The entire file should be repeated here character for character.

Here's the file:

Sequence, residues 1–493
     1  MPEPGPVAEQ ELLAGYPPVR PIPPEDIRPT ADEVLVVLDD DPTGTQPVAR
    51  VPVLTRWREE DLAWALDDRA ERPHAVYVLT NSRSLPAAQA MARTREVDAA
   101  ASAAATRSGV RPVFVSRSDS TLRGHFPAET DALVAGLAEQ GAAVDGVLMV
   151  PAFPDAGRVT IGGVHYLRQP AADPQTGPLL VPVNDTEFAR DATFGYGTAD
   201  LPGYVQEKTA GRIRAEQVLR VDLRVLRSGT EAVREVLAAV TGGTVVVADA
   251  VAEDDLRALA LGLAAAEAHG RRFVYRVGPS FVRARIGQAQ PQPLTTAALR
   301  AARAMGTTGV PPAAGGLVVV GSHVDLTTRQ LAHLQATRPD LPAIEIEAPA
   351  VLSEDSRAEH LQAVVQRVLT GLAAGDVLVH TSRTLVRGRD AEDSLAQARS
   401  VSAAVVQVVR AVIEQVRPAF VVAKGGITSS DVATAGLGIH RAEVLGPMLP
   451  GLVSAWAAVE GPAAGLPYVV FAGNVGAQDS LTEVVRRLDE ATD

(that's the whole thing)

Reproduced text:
Sequence, residues 1–493
     1  MPEPGPVAEQ ELLAGYPPVR PIPPEDIRPT ADEVLVVLDD DPTGTQPVAR
    51  VPVLTRWREE DLAWALDDRA ERPHAVYVLT NSRSLPAAQA MARTREVDAA
   101  ASAAATRSGV RPVFVSRSDS TLRGHFPAET DALVAGLAEQ GAAVDGVLMV
   151  PAFPDAGRVT IGGVHYLRQP AADPQTGPLL VPVNDTEFAR DATFGYGTAD
   201  LPGYVQEKTA GRIRAEQVLR VDLRVLRSGT EAVREVLAAV TGGTVVVADA
   251  VAEDDLRALA LGLAAAEAHG RRFVYRVGPS FVRARIGQAQ PQPLTTAALR
   301  AARAMGTTGV PPAAGGLVVV GSHVDLTTRQ LAHLQATRPD LPAIEIEAPA
   351  VLSEDSRAEH LQAVVQRVLT GLAAGDVLVH TSRTLVRGRD AEDSLAQARS
   401  VSAAVVQVVR AVIEQVRPAF VVAKGGITSS DVATAGLGIH RAEVLGPMLP
   451  GLVSAWAAVE GPAAGLPYVV FAGNVGAQDS LTEVVRRLDE ATD